Skeena Energy Solutions

Future Projects

Some ideas that are in the works.

Oil tank on the Plastic-to-oil machine in Whitehorse.


Do you remember the last time you filled your tank for 50 cents per liter? A recycling facility in Whitehorse is getting heating oil at that bargain price, all the while reducing carbon emissions and cleaning up landfills!

The secret is the first municipal sized plastic-to-oil machine in North America. It was installed at P&M Recycling facility in the fall of 2012.

By shredding waste plastic and then heating it inside a set of pipes and vessels, the Blest machine produces one liter of fuel for every kilogram of plastic fed into it, and produces nearly zero emissions (mostly CO2 - it's so clean that in Whitehorse, it exhausts indoors!).

The machine specializes in plastics with very low recycling value, such as plastic bags, coffee lids, and Styrofoam food containers. Most people don't realize it, but from the north, all plastics intended for recycling are trucked to Vancouver at great expense. While certain plastics like pop bottles are then shipped to China and readily recycled, many of the lower-grade plastics end up in the landfill before ever leaving Vancouver. By turning these plastics into oil, the facility is eliminating the trucking costs and the carbon emissions from shipping the plastic south and shipping new fuel north! 

The machine creates a mixture of diesel, gasoline, kerosene and heavier oils, which can be burned together for heating, or separated in an attachment and used individually as fuels in vehicles. 

The machine is about the size of a pool table, and cost about $200 000. It can produce 220 liters of oil a day, enough to heat about 70 northern homes. Market price of that amount of oil is at least $100 000 per year.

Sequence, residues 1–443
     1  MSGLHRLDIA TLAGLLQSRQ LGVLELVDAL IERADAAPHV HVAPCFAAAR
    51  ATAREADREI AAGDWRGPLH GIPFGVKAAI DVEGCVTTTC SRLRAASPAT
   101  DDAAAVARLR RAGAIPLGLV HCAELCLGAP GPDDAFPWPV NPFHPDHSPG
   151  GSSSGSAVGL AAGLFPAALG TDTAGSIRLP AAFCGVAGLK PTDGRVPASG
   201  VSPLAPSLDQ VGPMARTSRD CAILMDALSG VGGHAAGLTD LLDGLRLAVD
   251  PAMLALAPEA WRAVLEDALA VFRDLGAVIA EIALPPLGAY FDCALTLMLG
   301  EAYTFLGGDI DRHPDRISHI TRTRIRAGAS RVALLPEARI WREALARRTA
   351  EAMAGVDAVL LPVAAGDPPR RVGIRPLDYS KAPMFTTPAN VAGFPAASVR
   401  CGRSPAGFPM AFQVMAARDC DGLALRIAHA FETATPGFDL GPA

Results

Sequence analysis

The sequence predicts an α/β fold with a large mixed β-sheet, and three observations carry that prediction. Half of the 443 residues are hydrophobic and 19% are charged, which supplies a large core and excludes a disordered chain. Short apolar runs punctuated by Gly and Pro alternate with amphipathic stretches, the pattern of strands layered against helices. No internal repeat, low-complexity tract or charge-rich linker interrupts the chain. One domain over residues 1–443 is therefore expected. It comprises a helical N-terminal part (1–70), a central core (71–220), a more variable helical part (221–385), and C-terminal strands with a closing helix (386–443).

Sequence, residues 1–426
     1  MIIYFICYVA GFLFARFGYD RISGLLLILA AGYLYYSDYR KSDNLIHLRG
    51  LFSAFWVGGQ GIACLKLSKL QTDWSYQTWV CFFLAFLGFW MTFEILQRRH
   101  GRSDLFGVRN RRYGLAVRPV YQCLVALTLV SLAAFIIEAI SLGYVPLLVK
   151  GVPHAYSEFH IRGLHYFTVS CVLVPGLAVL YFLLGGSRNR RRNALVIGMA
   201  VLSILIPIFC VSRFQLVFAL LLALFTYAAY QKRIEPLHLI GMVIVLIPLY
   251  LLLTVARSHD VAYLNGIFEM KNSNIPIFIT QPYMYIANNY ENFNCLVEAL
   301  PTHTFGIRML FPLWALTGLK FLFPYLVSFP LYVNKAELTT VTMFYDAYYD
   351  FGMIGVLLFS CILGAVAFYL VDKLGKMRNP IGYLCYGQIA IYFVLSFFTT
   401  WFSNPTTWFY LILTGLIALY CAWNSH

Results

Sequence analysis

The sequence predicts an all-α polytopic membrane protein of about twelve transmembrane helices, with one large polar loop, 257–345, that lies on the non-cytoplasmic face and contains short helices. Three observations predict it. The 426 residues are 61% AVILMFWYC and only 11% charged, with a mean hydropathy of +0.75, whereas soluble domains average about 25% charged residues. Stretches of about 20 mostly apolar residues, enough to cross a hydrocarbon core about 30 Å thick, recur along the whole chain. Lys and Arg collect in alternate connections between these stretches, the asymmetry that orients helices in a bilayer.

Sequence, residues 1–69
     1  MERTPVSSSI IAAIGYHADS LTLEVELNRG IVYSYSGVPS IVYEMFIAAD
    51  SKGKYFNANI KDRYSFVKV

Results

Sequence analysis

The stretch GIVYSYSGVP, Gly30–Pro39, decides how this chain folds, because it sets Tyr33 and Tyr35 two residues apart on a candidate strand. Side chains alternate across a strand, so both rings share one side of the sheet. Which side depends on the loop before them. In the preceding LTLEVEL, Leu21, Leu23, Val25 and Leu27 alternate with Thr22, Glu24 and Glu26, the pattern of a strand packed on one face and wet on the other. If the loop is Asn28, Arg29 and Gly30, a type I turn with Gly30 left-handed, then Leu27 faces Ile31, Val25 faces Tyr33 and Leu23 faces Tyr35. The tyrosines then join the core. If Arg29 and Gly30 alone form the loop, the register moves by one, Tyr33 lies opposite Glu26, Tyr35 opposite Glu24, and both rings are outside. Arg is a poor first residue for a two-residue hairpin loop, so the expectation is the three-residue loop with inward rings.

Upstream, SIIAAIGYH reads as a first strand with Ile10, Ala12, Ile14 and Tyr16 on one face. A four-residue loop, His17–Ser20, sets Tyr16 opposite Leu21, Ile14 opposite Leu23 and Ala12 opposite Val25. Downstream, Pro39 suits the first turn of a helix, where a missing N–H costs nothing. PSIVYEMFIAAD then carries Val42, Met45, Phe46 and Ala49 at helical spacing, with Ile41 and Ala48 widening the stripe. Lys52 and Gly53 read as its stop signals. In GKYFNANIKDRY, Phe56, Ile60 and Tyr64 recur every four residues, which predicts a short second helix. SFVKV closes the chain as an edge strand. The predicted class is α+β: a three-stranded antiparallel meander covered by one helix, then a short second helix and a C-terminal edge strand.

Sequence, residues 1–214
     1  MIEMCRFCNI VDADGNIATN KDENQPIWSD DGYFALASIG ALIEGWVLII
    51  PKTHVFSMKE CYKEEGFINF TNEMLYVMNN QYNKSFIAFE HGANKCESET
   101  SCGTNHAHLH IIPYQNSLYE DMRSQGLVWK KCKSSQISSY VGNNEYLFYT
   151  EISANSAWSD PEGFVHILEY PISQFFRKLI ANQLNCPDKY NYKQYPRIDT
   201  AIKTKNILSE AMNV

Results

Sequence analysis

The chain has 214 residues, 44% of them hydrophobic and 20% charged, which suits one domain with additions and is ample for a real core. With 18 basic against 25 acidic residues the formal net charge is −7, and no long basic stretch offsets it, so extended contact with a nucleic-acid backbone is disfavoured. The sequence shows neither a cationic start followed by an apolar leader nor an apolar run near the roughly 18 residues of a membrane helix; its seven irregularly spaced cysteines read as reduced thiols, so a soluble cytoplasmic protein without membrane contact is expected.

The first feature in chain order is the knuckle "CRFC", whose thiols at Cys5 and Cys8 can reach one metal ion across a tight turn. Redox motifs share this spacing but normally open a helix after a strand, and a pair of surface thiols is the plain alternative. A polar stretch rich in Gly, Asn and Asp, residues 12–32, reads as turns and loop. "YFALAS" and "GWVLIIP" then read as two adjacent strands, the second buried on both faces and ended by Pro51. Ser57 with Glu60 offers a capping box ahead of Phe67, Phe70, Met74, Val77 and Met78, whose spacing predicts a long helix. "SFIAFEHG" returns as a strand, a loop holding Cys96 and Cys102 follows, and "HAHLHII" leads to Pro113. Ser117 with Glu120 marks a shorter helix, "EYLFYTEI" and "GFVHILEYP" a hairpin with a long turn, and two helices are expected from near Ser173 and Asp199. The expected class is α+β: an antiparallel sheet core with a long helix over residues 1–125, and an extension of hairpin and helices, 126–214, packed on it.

We have started community conversations about bringing a plastic-to-oil machine to NW BC. Interested? Contact us.

For more info, see Rising Sun Innovations, the North American Distributor for the systems. 

Geodesic Greenhouse built by students at Smithers Secondary School (metal work teacher Rick Hubert shown). The greenhouse is heated by a nearby heap of compost!

Compost Heating

Biomelier compost heating systems are inexpensive, easy to make, and can produce enough heat to keep a northern house warm all year round.

The system consists of a large compost pile (maybe 10 ft deep and 20 ft around) that has plastic pipe spiraling throughout it. Water is pumped through the pipe to pick up heat as the microbes break down the compost. This heated water is used to keep a nearby building warm. These systems keep water between 30 and 50 degrees C year round! And as a bonus, you get a huge pile of grade-A compost after 2 years.

A biomelier was built at Smithers Secondary School in the summer of 2013, under the direction of German expert Heiner Cuhls, and organized by Egenolf Alternative Energy. Contact the school if you'd like to go see it. 

We are planning to build more of these systems in the north.

Know Your Power

Most people who drive a car know the gas mileage their vehicle gets, but few know how much electricity their home uses. Knowing how much energy we use is the first step to saving it. As a rule of thumb, every $1 spent on energy conservation is equal spending to at least $5 on alternative energy generation.

We are working on a project to enable community members to become energy literate in an easy and practical way.

We have partnered with a company that makes an inexpensive device that enables you to view your home electricity consumption in real-time, on either your cell phone or an in-home display.  It alerts you when you are using more than you want to be. Based on third-party studies, this system has proven to reduce power consumption by up to 20% solely through people learning to adjust their consumption habits (turning heat down when not home, using clothes line instead of dryer, etc.). As a comparison, for the average household in our region, an electricity bill savings of 20% is about how much would be achieved with a $7000 grid-tie solar panel system!

Using this technology, we aim to hold a competitive conservation challenge amongst community households and businesses. A special aim of this project is to support economically marginalized renters and owners who desire more tools and knowledge to save money and energy.

Gitwangak Community GardenBuilding the local food supply
Sik-e-Dakh Passive Solar, Geothermal GreenhouseOur new Greenhouse project
Live Solar DataSolar Demonstration Sites

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